But as Nilsson said, those problems seem to be behind Currier now.

Currier hit the deck, exhausted, after finishing. Photo: NordicFocus/USBA.

“The coaches and I made a few changes after the camp in Utah back in October,” Currier said. “Since then performance has been on an upward swing. Despite not seeing any of the coaches for a few months we kept up with lots feedback through e-mails and skype about how the changes were going. We took a somewhat systematic approach to my shooting and so far it has worked.”

Currier was one of the very last starters in the field due to his lack of current World Cup results, which is part of the reason spectators were surprised when his splits began to come through. When Currier reached the finish wearing bib 103, the rest of the top finishers were long gone – meaning that he had television and camera crews to himself, for one thing.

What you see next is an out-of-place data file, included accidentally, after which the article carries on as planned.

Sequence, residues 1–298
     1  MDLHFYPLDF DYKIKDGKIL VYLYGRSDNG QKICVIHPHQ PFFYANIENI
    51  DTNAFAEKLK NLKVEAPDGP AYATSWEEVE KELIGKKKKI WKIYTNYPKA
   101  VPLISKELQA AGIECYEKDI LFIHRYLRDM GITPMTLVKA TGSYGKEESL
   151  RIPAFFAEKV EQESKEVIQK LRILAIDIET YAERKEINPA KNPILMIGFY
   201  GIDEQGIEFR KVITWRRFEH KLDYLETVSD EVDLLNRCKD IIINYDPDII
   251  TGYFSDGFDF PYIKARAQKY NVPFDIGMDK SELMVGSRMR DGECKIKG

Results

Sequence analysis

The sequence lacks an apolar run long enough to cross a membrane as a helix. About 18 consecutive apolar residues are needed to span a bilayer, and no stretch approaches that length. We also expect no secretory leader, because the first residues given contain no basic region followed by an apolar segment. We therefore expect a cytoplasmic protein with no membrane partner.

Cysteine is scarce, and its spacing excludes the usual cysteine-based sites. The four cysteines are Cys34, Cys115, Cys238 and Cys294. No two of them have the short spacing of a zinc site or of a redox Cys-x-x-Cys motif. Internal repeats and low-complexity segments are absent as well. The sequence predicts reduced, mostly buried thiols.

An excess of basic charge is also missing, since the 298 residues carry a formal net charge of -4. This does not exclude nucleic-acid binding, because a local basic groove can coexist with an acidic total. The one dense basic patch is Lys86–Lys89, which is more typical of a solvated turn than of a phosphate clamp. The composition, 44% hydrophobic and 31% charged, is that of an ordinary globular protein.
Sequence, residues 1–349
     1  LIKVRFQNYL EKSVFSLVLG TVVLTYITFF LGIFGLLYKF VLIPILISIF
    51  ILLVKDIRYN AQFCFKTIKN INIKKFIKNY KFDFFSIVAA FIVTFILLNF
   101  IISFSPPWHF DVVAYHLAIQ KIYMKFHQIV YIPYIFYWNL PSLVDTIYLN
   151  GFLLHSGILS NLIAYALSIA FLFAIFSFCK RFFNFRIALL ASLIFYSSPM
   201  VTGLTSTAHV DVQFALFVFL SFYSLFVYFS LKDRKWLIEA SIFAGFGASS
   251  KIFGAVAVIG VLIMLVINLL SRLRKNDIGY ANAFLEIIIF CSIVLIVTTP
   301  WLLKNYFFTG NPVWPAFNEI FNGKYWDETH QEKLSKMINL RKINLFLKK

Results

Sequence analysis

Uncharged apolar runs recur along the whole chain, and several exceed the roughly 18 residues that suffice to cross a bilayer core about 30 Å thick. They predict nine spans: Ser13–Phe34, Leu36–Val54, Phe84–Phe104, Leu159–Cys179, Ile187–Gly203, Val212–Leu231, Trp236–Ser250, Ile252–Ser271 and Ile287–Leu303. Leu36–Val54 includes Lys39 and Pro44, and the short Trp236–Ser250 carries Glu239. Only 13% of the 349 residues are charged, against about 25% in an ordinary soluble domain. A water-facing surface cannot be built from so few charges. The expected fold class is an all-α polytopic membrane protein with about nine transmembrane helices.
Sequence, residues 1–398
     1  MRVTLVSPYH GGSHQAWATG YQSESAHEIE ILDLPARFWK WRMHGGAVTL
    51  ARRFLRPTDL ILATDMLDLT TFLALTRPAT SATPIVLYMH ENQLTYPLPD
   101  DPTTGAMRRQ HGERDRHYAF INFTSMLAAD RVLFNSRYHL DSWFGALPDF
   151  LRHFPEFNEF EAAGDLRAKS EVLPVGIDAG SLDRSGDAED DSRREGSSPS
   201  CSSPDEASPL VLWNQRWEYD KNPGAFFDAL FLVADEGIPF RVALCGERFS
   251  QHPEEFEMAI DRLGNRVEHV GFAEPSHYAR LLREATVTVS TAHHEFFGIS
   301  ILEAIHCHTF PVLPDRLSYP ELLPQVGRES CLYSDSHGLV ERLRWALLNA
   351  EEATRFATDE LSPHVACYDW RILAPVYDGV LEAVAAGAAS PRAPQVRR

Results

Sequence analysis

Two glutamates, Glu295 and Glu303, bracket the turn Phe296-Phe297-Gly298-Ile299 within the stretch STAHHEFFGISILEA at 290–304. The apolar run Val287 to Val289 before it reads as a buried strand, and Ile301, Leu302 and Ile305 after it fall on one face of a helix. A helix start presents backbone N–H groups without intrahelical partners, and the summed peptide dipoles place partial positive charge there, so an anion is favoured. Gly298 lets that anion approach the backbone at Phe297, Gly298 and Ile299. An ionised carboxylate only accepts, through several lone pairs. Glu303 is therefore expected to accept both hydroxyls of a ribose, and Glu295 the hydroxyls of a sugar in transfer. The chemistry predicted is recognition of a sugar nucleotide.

The conditions in Nove Mesto today were snowy, but unlike in the women’s sprint on Friday, they were consistently so, and the wind always came from one direction. Currier said that the breeze did not affect his shooting.

“It was windy from the moment I went for a run in the morning, and never really let up,” he said. “Everyone had to deal with the same conditions, unlike in the individual.”

Even the snow didn’t build up enough to punish the later starters, something that would have removed Currier from contention. It did, however, turn skiing into a slog – which may have helped stronger skiers like the Americans.

“The conditions were slow to say the least,” Currier said.

For him, the top-ten result is validation for the work he has done since being a five-time World Junior Championships racer, and the changes he has made in his shooting.